• Section I. Handling of tissues, organs, blood, and body fluids
  • Section II. Biosafety
  • Section III. Proper handling of hazardous chemicals
  • Section IV. Proper handling of cutting objects and sharps
  • Section V. Personal Protective Equipment
  • Section VI. Ergonomics and work equipment
  • Section VII. Incident or accident reporting

All pathologists (medical residents and staff doctors) at the Laboratorio de Patología of the Hospital de Oncología and 250 doctors in the same field working in other hospitals of the Instituto Mexicano del Seguro Social in the Distrito Federal of Mexico were invited to participate in the evaluation. Physicians who accepted the invitation were sent the survey via Internet. The time spent to answer the questionnaire was 25 minutes.

After the first assessment, specific information was provided to subjects regarding the questions asked. It was felt that a participant was not trained in health and safety at work when one or more items in each section was wrong.


The Hospital de Oncología had 11 staff doctors (SD) and 8 resident doctors in pathology (RP) who participated. Of the 250 people who were sent the invitation to participate in the study, only 102 accepted, of which 54 were pathology residents and 48 staff doctors (Table II).

Table II Demographic information of study participants
n %
Level of training
Resident 62 51
Pathologist 59 49
Type of Hospital
Second level 13 54
Third level 6 46
Number of surgeries per year
5,000 11 58
5-10, 000 4 21
> 10,000 4 21

In terms of health training, a total of 87 (72%) of those tested found that they had zero or minimal training in this regard. All pathology residents who participated in the study agreed that their academic programs did not have a single module referring specifically to the risks of disease and/or work accidents to which they are exposed by the nature of his work, or how to prevent them.

Moreover, when SD were asked if in the orientation to their job they had been given such training, only 6 (9.6%) answered yes. With respect to the two previous points (academic training and job orientation), no significant differences were found with the size of the hospital to which participants belonged (second vs third level), p = 0.58.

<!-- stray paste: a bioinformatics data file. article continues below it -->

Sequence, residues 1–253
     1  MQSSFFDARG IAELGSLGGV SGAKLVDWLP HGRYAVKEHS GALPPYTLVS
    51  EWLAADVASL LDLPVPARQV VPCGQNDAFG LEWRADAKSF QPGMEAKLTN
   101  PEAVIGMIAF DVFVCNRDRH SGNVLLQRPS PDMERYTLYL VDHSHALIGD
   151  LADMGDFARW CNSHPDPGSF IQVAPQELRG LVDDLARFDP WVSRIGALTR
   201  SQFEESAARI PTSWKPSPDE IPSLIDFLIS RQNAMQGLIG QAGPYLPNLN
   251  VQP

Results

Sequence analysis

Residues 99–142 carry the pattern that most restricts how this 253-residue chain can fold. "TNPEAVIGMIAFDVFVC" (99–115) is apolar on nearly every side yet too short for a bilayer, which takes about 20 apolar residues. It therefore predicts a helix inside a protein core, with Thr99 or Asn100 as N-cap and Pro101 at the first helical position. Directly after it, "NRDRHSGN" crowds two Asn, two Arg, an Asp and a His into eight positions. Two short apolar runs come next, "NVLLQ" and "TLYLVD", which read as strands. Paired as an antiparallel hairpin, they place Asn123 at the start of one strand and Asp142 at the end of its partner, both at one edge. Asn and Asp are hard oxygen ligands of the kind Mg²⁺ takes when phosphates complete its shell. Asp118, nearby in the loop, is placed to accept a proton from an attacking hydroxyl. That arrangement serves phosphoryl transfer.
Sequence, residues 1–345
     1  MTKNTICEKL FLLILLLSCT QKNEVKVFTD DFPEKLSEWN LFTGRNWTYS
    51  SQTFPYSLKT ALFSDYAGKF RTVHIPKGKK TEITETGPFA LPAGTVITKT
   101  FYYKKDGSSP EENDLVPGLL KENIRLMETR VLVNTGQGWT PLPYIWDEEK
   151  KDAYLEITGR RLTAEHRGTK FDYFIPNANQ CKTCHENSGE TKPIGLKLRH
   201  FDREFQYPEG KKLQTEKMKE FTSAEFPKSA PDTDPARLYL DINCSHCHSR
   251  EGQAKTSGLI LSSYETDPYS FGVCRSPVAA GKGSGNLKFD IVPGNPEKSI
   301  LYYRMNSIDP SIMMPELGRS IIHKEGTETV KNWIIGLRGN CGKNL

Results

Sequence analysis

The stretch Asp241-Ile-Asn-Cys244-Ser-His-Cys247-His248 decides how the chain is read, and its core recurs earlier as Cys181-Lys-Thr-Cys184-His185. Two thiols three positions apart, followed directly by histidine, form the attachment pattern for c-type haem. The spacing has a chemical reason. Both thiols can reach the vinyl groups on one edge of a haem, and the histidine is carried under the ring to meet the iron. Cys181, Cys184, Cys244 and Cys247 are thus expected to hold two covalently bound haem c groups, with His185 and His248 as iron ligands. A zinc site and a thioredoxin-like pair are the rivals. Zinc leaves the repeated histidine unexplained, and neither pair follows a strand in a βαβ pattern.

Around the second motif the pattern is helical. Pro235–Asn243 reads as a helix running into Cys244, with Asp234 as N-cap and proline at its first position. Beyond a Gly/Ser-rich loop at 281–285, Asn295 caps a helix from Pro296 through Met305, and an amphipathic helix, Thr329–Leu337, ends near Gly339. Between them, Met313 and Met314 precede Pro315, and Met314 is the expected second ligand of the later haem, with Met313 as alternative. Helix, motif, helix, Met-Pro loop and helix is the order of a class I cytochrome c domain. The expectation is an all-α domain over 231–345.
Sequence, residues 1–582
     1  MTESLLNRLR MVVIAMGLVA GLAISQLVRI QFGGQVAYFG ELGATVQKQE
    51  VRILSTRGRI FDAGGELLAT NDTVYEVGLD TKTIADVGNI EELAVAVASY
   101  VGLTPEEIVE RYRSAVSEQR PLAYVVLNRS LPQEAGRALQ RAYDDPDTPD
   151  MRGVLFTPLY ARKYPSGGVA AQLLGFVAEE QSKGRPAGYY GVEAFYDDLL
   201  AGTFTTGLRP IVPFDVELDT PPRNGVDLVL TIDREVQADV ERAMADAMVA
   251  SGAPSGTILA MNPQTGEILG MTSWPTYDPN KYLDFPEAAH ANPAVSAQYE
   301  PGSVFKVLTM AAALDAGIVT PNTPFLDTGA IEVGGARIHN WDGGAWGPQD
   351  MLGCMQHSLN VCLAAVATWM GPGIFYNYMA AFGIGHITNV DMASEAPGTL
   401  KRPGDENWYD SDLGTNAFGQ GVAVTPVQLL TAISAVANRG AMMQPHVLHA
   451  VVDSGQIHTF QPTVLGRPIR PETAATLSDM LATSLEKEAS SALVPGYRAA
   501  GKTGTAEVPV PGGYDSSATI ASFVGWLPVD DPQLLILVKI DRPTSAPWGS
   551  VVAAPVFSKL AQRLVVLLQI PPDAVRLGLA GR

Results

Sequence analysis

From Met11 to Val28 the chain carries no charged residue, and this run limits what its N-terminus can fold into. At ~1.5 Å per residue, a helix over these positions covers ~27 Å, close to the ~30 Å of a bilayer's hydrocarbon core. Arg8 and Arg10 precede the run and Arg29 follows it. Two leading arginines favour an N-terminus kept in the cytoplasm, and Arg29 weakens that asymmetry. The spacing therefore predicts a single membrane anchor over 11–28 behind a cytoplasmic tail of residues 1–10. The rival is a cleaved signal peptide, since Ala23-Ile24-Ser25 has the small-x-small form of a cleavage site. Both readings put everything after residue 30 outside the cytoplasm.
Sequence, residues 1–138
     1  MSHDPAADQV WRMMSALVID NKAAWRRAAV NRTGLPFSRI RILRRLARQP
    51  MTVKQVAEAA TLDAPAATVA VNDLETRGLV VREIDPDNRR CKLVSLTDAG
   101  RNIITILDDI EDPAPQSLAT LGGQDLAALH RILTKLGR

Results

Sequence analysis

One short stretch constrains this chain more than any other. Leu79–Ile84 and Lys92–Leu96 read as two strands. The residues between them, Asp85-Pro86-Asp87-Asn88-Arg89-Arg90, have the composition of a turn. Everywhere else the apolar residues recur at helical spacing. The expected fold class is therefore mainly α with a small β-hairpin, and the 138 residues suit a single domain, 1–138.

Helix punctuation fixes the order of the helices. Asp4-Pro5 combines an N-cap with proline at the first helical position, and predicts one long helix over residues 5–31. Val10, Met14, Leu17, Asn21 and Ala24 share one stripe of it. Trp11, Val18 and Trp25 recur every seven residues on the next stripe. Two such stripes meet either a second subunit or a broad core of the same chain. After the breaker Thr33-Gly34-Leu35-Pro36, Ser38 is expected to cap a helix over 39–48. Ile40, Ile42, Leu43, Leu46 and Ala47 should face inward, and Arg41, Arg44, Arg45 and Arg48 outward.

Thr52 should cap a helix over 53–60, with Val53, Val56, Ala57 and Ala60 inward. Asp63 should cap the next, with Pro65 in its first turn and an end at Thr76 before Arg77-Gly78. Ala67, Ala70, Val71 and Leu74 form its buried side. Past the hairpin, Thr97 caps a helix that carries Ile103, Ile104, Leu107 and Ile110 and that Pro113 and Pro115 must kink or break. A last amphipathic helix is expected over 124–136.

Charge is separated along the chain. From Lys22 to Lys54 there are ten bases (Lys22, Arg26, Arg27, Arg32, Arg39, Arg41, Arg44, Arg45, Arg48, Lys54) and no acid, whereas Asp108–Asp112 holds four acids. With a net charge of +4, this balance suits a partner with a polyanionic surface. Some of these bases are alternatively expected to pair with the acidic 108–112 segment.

The percentage of correct responses was 34% and 32% for RP and SD, respectively, which was not significant (p = 0.56). Regarding the number of correct answers, for the sections of biosecurity and handling of hazardous bio-infectious waste (HBIW), a significant difference was observed between hospitals that had > 10,000 surgeries annually, versus those with ≤ 5000 annual surgical specimens (p = 0.002), with the first group having a higher number of correct answers than the second (p = 0.001).

Of all the sections included in the assessment, that with the lowest number of correct answers was Section II (Biosafety), followed by Sections III (Proper handling of hazardous chemicals) and I, proper handling of tissues, organs, blood, and body fluids; the number of correct answers was 34, 36 and 49% respectively. Note that in the question: Do you think that your work area is of low or high risk for infections?, 63 participants (52%) responded that it was low risk.

Only 25 participants (21%) correctly knew the concept of biosecurity and 62 (51%) knew the type of infectious agents to which they were exposed in their work area.

43% of RP and 49% of SD thought that the only dangerous chemicals used in the PL were formaldehyde, alcohol, and xylene. Only 41 participants (34%) knew the safety diamond and its meaning, and 23 (19%) knew the Material Safety Data Sheet. A total of 32 respondents (26%) knew the correct way to package HIBW.

Most participants (71%) reported having had at least one accident with needlesticks or sharps (needles, scalpel blades, knives); similarly, 64% of respondents also reported accidents with formaldehyde such as splashing their eyes, mouth, skin, etc. 62% of them did not report the incident and 36% did not know to whom they should report it.

Regarding the use of personal protective equipment, all participants reported using gloves in handling the tissues in the pathology and intraoperative surgical areas, but < 49% used goggles; < 39% facemasks; 7% safety masks, and 0% used the plastic apron, on top of the surgical gown.

A very interesting study finding was the fact that the start of the study, 104 participants (86%) felt they had adequate training in health and safety at work, however, at the end of the evaluation, only 22 of the 121 respondents (18%) felt that the information they had was clear and adequate (p = .0001). Only 13 people (11%) thought that they had a good level of training in health and safety (according to the criterion mentioned in material and methods), however not one participant had all the right answers.